They are a part of the past; and, though in no sense art, the beauty of the material, the richness of the embroidery, and their splendid color, make them grateful to the eye of the artist as well to that of the antiquarian.[13]

Most of what the Athenæum purchased for the Museum in the 1870s was relegated to storage in the early twentieth century. The Museum’s focus shifted from the didacticism of its early years to the display of the rare and the original. Some of its early holdings were proven to be outright modern reproductions, but more often they were articles of the past that were skillfully crafted but without the aesthetic uniqueness required by the new standards of exhibition. Most of the Castellani textiles were of this latter category.

After several decades in storage at the Museum, some of the Castellani carved wooden pieces returned quietly to the Athenæum in 1953, and most of the Italian bronzes and vases from the collection were sold at auction in 1977. The Castellani textiles have continued to lie in storage at the Museum, preserving the beautiful condition of some of them. Arrested in time for over a century, they attest to the humble aspirations that guided the Athenæum and the Museum in the 1870s, as the collections of both these institutions grew.

Hina Hirayama, from, Stanley Ellis Cushing and David B. Dearinger, eds., Acquired Tastes: 200 Years of Collecting for the Boston Athenæum (2006): 342. Copyright © The Boston Athenæum.

[1] Henry Bromfield Rogers to Edward Newton Perkins, May 12, 1876; the decision to purchase the Castellani collection is recorded in Fine Arts Committee Records, October 18, 1875.

[2] For the Castellani family and their work, see Susan Weber Soros and Stefanie Walker, eds., Castellani and Italian Archaeological Jewelry(New Haven and London: Yale University Press for Bard Graduate Center for Studies in the Decorative Arts, Design, and Culture, New York, 2004); and Geoffrey C. Munn, Castellani and Giuliano: Revivalist Jewellers of the 19th Century(New York: Rizzoli, 1984).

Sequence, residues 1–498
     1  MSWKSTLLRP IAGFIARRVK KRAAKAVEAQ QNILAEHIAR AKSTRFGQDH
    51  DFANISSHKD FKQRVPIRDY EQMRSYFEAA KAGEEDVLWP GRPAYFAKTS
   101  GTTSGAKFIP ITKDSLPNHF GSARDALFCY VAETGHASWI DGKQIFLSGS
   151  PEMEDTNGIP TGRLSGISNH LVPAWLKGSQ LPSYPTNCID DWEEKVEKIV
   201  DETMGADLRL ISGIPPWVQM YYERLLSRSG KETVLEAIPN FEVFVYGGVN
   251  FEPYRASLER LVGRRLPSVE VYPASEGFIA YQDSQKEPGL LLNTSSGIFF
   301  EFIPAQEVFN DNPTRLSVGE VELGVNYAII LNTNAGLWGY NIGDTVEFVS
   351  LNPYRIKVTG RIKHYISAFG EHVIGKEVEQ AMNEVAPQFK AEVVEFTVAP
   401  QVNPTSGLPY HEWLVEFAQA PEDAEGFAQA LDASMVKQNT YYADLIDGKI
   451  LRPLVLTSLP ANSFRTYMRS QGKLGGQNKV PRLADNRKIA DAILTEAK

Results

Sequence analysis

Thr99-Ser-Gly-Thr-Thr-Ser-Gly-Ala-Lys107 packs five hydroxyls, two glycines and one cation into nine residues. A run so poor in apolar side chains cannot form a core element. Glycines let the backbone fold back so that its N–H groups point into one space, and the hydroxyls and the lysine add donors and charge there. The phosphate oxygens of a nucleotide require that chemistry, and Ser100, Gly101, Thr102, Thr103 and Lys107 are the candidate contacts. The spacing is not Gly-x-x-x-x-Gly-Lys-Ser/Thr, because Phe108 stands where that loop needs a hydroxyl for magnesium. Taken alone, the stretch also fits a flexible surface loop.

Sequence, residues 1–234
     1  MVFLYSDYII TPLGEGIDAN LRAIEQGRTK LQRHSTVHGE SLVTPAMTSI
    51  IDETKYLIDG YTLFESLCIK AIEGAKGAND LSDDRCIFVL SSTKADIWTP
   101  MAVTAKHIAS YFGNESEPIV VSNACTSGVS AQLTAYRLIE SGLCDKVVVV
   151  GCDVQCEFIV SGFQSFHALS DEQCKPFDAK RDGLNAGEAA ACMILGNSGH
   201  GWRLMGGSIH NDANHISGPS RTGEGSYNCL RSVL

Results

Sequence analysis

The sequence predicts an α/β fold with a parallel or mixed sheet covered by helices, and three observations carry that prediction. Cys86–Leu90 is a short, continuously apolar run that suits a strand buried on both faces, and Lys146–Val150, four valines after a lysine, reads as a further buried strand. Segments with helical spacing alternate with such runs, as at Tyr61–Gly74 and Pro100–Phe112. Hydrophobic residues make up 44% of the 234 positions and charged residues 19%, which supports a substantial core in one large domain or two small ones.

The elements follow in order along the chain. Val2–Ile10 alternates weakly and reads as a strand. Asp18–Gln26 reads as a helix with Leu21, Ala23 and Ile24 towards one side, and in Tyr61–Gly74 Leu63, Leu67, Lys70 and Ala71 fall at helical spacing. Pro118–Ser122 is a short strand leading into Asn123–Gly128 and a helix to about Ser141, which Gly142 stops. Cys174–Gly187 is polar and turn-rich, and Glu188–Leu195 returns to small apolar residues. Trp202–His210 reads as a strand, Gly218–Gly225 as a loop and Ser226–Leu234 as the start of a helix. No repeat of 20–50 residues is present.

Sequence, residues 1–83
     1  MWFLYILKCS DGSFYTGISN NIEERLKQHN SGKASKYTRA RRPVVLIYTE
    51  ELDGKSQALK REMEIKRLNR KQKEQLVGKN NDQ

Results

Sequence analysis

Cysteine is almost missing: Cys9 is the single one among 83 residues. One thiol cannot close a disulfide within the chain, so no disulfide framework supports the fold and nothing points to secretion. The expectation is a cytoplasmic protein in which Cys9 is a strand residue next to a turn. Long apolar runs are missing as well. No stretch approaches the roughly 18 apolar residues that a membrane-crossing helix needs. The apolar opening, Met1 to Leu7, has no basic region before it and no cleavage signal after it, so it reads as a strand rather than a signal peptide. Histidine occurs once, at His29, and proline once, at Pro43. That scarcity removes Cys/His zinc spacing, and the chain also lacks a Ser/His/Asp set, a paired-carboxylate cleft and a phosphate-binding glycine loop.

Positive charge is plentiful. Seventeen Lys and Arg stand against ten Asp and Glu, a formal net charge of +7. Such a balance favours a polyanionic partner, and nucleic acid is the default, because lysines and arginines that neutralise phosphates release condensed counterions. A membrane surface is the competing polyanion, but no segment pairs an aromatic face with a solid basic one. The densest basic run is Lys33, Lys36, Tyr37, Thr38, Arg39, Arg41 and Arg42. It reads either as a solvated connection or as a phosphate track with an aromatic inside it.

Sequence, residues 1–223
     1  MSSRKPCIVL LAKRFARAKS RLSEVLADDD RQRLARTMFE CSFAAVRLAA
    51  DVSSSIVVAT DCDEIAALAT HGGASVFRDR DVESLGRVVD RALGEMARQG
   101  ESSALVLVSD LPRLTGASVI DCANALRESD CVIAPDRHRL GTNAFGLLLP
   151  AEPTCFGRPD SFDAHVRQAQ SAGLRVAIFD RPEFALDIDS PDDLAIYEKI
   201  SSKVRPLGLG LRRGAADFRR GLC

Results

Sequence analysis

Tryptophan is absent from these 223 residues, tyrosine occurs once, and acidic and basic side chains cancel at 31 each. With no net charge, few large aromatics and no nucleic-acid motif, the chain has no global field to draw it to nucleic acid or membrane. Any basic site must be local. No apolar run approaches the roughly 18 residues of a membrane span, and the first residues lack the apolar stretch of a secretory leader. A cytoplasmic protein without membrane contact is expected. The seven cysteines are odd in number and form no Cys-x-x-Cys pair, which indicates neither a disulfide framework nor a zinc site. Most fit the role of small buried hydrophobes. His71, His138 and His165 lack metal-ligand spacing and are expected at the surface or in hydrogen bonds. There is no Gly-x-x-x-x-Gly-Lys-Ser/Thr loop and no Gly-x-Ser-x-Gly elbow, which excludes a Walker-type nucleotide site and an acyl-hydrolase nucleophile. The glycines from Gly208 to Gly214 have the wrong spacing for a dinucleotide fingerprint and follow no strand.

[3] Soros and Walker, 62-64.

[4] Michael Tyskiewicz, Memories of An Old Collector(London: Longmans, Green, 1898), 71, and Margherita Barnabei nd Filippo Delpino, eds., Le “Memorie di un archeologo” di Felice Barnabei(Rome: De Luca Edizioni d’Arte, 1991), 119; quoted in Soros and Walker, 63-64.

[5] Soros and Walker, 293.

[6] Catalogue of the Collection of Ancient and Modern Works of Art Given or Loaned to the Trustees of the Museum of Fine Arts, at Boston(Boston: Alfred Mudge & Son, 1872), 32.

[7] Fine Arts Committee Records, October 13, 1875, refers to a letter from Martin Brimmer to Castellani,  July 24, 1875, and another from Castellani to Brimmer, n.d., which probably initiated the negotiation, but the letters are not in the Athenæum archives.

[8] Fine Arts Committee Records, June 23 and July 3, 1876.

[9] Only some of the Castellani purchases were installed in the Lawrence Room and the rest were exhibited in the Loan Room, according to MFA catalogues.

[10] Edward Newton Perkins, chairman of the Athenæum’s Fine Arts Committee, purchased objects at the fair on behalf of the Athenæum, some of them from Castellani. Fine Arts Committee Records, November 1, 1876. The inscribed copy is Special Catalogue of the Collection of Antiquities, Exhibited by Alessandro Castellani, of Rome, in Rooms U, V, W, Memorial Hall (Philadelphia: Press of Edward Stern & Co., 1876).

[11] In the preface by Charles Callahan Perkins, Catalogue of the Collection…the Museum of Fine Arts, at Boston (1872), 3.

[12] Walter Muir Whitehill, Museum of Fine Arts, Boston: A Centennial History(Cambridge: The Balknap Press of Harvard University Press, 1970), 9-10.

[13] Thomas Gold Appleton, Boston Museum of the Fine Arts. A Companion to the Catalogue(Boston: Roberts Brothers, 1877), 73.[1] Walter Muir Whitehill, Museum of Fine Arts, Boston: A Centennial History(Cambridge: The Balknap Press of Harvard University Press, 1970), 9-10.